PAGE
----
Applying for an apartment can have an adverse affect on your credit score if you’re not informed. By understanding what happens when a leasing agent requests your credit score, you’ll be better prepared to minimize that affect. Depending on your particular situation, you may not be affected at all.
The leasing agent will ask for authorization to check your credit report whenever you submit an application for an apartment. When your credit report is checked, a hard inquiry is performed. Hard inquiries have a negative affect, although minimal, on your credit score. Such inquiries occur whenever you put in an application for new credit. Conversely, a soft inquiry has no affect on your credit score and does not show up when your credit report is reviewed. Viewing your own credit score and companies offering you credit without your requesting it are examples of soft inquiries.
You likely will apply at a number of properties when you go apartment hunting. If you do so within a two-week period, credit agencies typically will consider all the credit report requests as one hard inquiry. It is useful to have your credit report on hand during your apartment search. Leasing agents still may require you to allow them to get their own copy, but if there is anything on your credit that might disqualify you, the leasing agent knows beforehand and will not need to perform an unnecessary hard inquiry.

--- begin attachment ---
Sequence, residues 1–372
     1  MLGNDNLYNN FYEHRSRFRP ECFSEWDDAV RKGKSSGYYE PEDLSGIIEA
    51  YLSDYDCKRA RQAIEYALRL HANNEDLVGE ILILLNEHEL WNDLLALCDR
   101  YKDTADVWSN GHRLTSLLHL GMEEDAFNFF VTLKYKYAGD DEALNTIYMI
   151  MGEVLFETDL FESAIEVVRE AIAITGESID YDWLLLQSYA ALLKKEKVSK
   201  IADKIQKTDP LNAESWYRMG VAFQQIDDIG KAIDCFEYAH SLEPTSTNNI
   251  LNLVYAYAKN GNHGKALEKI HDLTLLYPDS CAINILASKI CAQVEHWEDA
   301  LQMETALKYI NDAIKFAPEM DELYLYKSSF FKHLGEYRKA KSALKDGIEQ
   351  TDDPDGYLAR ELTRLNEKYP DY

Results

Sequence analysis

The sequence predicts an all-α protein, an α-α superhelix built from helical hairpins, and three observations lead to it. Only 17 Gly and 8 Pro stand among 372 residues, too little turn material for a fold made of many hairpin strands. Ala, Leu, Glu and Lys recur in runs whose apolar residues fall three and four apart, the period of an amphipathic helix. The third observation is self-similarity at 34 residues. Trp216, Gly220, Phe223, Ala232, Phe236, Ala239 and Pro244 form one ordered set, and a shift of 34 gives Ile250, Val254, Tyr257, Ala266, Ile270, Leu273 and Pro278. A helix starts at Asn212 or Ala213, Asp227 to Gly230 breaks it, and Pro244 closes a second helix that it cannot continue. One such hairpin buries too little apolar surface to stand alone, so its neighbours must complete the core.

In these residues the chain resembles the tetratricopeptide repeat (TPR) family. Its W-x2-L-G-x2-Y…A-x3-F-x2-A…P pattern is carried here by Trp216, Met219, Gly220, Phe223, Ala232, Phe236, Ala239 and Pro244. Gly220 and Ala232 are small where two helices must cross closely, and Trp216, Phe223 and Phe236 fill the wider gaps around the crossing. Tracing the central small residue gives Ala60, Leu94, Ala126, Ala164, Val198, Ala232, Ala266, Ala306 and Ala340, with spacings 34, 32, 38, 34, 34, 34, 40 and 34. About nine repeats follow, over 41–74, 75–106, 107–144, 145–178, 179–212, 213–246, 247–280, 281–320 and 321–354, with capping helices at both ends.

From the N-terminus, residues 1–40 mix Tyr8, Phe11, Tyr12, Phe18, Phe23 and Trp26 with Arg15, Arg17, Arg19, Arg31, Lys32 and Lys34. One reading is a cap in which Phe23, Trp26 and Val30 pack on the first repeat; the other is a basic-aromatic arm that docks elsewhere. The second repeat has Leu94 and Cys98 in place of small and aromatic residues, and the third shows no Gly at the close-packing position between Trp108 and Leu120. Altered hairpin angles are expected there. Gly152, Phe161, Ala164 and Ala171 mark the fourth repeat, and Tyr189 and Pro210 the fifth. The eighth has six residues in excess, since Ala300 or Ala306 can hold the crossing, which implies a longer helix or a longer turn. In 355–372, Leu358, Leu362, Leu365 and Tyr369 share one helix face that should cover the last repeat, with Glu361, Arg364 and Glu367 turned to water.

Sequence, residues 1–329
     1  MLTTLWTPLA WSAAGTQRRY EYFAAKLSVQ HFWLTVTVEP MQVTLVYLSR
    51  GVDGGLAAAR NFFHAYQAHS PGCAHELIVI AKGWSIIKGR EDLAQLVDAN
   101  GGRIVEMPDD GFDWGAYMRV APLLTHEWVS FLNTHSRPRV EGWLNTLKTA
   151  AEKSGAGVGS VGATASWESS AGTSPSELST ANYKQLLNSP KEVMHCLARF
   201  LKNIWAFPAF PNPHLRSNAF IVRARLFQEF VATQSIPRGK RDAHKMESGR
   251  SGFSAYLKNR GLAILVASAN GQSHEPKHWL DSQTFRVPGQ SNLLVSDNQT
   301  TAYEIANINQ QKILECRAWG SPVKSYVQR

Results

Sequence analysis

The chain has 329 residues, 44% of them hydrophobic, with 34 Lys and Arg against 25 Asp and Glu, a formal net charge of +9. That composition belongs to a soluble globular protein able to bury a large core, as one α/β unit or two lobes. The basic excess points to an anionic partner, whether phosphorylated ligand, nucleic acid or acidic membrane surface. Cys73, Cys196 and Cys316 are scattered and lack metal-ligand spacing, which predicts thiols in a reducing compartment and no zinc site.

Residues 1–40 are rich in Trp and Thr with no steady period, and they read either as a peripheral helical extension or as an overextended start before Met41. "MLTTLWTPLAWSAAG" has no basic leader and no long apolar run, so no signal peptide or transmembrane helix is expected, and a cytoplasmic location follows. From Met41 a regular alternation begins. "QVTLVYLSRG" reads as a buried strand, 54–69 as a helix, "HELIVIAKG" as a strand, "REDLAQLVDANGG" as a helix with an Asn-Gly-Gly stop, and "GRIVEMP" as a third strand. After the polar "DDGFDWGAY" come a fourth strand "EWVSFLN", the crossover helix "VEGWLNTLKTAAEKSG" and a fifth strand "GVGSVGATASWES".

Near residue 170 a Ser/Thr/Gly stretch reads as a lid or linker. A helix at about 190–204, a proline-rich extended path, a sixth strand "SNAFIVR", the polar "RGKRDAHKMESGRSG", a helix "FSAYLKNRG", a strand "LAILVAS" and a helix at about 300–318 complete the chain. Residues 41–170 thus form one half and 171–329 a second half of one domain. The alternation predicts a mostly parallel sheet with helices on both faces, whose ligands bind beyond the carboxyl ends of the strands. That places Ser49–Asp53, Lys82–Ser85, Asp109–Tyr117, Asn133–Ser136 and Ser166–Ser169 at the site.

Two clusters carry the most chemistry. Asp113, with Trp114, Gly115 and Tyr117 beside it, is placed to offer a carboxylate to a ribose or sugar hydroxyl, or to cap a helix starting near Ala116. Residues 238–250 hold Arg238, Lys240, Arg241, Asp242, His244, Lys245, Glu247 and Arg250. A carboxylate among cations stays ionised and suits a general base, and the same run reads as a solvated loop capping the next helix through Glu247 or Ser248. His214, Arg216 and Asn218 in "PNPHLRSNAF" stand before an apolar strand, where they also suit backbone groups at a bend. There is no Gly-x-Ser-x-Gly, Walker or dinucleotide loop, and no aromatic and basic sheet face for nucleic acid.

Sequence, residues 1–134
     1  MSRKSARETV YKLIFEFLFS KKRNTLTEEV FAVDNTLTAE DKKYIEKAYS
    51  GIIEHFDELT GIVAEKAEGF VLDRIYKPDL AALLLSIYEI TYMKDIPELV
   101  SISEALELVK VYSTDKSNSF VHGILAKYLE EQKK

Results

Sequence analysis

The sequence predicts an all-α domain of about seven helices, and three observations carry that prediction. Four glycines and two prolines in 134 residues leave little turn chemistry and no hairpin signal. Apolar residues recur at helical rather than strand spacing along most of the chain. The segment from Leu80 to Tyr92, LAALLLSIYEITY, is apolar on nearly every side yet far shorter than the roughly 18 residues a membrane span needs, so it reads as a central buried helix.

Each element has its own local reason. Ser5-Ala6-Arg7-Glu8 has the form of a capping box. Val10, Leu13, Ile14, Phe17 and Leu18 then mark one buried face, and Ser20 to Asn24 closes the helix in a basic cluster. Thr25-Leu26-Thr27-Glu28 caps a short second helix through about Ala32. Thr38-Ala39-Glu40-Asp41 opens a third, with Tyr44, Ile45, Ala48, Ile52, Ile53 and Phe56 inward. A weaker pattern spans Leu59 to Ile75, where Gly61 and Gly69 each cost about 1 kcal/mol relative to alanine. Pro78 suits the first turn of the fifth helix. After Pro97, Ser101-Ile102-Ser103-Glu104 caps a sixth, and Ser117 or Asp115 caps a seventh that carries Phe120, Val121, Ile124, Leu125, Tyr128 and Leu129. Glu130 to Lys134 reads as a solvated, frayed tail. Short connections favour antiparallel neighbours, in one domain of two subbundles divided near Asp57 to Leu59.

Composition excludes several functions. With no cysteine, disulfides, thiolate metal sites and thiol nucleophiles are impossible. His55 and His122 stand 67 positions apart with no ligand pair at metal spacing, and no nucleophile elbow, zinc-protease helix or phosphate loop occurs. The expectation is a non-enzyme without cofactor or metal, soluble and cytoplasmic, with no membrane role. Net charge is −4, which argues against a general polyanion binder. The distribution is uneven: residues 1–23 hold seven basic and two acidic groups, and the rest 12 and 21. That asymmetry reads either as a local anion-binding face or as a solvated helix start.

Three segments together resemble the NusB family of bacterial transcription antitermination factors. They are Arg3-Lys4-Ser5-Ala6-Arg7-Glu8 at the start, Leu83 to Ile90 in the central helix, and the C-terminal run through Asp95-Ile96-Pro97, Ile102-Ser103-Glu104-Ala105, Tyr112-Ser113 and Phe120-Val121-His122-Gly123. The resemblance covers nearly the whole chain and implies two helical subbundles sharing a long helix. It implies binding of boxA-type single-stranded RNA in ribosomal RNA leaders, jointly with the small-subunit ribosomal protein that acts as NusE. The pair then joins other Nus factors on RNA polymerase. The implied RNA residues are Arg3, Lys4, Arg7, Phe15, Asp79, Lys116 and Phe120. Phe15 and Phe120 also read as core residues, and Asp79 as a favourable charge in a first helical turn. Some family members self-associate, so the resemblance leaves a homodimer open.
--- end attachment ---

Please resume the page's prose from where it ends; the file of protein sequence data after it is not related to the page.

Hard Inquiry Affect
A hard inquiry typically reduces a person’s credit score by five points. Someone with a healthy score and robust credit history may not be affected at all by a hard inquiry from apartment hunting, whereas someone with little credit history or bad credit may be see his credit score impacted by more than five points. Either way, a hard inquiry’s impact lasts between six to 12 months and is removed from your credit report after two years.
The credit reporting agencies understand you are shopping around looking for a good deal when you have a number of credit inquiries from apartments. However, it would be a bad to have an apartment manager pull your credit report when you’re applying for a car loan and credit cards. They would show up as multiple inquiries.
Credit scores are broken down into five categories: hard inquiries, types of credit accounts, length of credit history, debt-to-credit-limit ratio and payment history. Hard inquiries account for only 10 percent of your credit score, while payment history accounts for 35 percent. While keeping hard inquiries to a minimum is a good idea, keeping your bills paid on time will have a greater affect on your credit score.
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